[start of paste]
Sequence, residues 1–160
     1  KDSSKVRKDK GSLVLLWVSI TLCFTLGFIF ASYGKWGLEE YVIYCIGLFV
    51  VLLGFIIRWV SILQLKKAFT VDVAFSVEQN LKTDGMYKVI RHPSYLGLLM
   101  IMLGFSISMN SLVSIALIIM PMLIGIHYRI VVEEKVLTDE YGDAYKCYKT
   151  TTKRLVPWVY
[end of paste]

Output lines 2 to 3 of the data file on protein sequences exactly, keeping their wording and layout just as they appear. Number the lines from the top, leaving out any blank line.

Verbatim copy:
     1  KDSSKVRKDK GSLVLLWVSI TLCFTLGFIF ASYGKWGLEE YVIYCIGLFV
    51  VLLGFIIRWV SILQLKKAFT VDVAFSVEQN LKTDGMYKVI RHPSYLGLLM